In this case, the “best practices” recommended by the Education Improvement Commission are instructive. One example: the EIC recommends the experience of one school board that has been able to ensure that all new hires are excluded from the pension plan. Instead, they are given RRSPs, at significant savings to the employer.
The Ministry is on record as “working with institutions to expand capacity through more flexible use of existing facilities.” This is alarming, given the commitment of the Council of Ontario Universities (COU) to conduct an “annual evaluation of whether to keep or to contract-out ancillary operations”.
For CUPE members, the COU’s attempt to appear “innovative, responsive, efficient and accountable” as a condition of receiving university operating budgets is a threat. We would like to initiate a public discussion of what a union perspective on “best practices” might look like in Ontario’s universities and colleges.
CUPE’s position is that quality education is advanced through the delivery of public services. Furthermore, CUPE members deserve good wages and benefits with decent working conditions, respect for our right to fair representation, the right to bargain and organize collectively.
These rights will be undermined should private universities open in an anti-union environment. So too will employers attempt to undermine these rights in public universities through further contracting-out and privatization of services.
As citizens, we fought for our rights to public education. A private educational system is unfair to ordinary Canadians.
As workers, we need secure employment, as well as, good wages and working conditions in our university workplaces. Under funding allows corporations to turn our jobs into short-term contracts with fewer benefits for families increased workload lower-pay and a lot less security, ourselves.
As parents, we want our children to have the best our society can offer them. As students, we want an affordable educational system where we will find the space to think critically. Corporations have put their money and influence to work in transforming post-secondary education so those students learn what corporate sponsors want them to learn. As CUPE members, we deserve much more.
We want an educational system that is fully accessible, portable, of high quality, affordable and publicly administered.
We want a legislation that guarantees access, guarantees academic freedom, and establishes a democratic regulation of the post-secondary education system.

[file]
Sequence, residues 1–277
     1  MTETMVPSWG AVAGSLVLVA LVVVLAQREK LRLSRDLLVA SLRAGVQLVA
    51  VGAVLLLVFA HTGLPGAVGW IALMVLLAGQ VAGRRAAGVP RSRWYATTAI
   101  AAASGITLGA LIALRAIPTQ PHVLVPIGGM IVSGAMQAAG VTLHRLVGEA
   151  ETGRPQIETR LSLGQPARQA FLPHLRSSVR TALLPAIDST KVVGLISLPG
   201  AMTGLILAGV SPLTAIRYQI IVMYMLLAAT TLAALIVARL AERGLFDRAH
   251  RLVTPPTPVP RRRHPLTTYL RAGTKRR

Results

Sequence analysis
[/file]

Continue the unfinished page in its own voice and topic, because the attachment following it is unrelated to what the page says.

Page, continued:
At CUPE, we embrace a solidaristic vision of society in which the diversity of the whole community is respected.
As CUPE members, as citizens, as university workers, as students and as parents, we intend to make this provincial government accountable to the whole community, not just a privileged class of profiteers.
1. Ministry’s 2000-2001 Business Plan
2. Office of the Premier, “Notes for remarks by The Honourable Mike Harris, MPP, Premier of Ontario” Council of Ontario Universities Summit, November 19, 1997
3. CUPE National, “Government pushing two tier schooling on Edmonton”, www.cupe.ca/mediaroom/newsreleases 9/21/2000
4. Revised Statutes of Ontario, 1990 Vol.5, Chap. H.6-L3., Chap I.11 29(1) p.765
5. “Degree Granting Act, Revised Statutes of Ontario, 1990, Chapter D.5”,
6. Scott Sinclair, “GATS: How the World Trade Organization’s new “services” negotiations threaten democracy”, (Ottawa: Canadian Centre for Policy Alternatives, 2000), pp.1-16.
7. Thanks to Michael Tremelini, Canadian Federation of Students, for this insight.
8. OCUFA, “Decoys Instead of Dollars for Post-secondary Education: Private Universities in Ontario”, OCUFA Research Report, vol. 1 no. 2, p.4
9. Ontario Ministry of Training, Colleges and Universities, “Backgrounder: Improving the Quality and Accessibility of Post-Secondary Education and Training”, September 2000
10. Steven Serviss, “Loyalist forced to pay for student loan losses”, Online Pioneer, (Loyalist College: Belleville, Ontario. 12/04/1999. www.loyalistc.on.ca
11. Ministry of Colleges and Universities Act, Revised Statutes of Ontario, 1990, Chapter M.19, 7(b).
12. Increasing Degree Opportunities for Ontarians: A consultation paper”, April 2000.
13. Ministry, “Backgrounder: Improving the quality and accessibility of post-secondary education and training” September 2000,
14. David C. Smith, “Report on Quality Indicators and Quality Enhancement in Universities: Issues and Experiences” March 2000, Council of Ontario Universities
15. Smith, “Report on Quality Indicators”
16. Ministry, “Increasing Degree Opportunities for Ontarians: A Consultation Paper, April 2000”
17. “Ontario plans $800 million education cuts”, Toronto Star, November 17, 1999.
18. Ministry, “Backgrounder: Improving the Quality and Accessibility of Post-secondary Education and Training”
19. Council of Ontario Universities, Brief to the Ontario Legislature’s Standing Committee on Finance and Economic Affairs 2000 Pre-Budget Consultations”, February 16, 2000.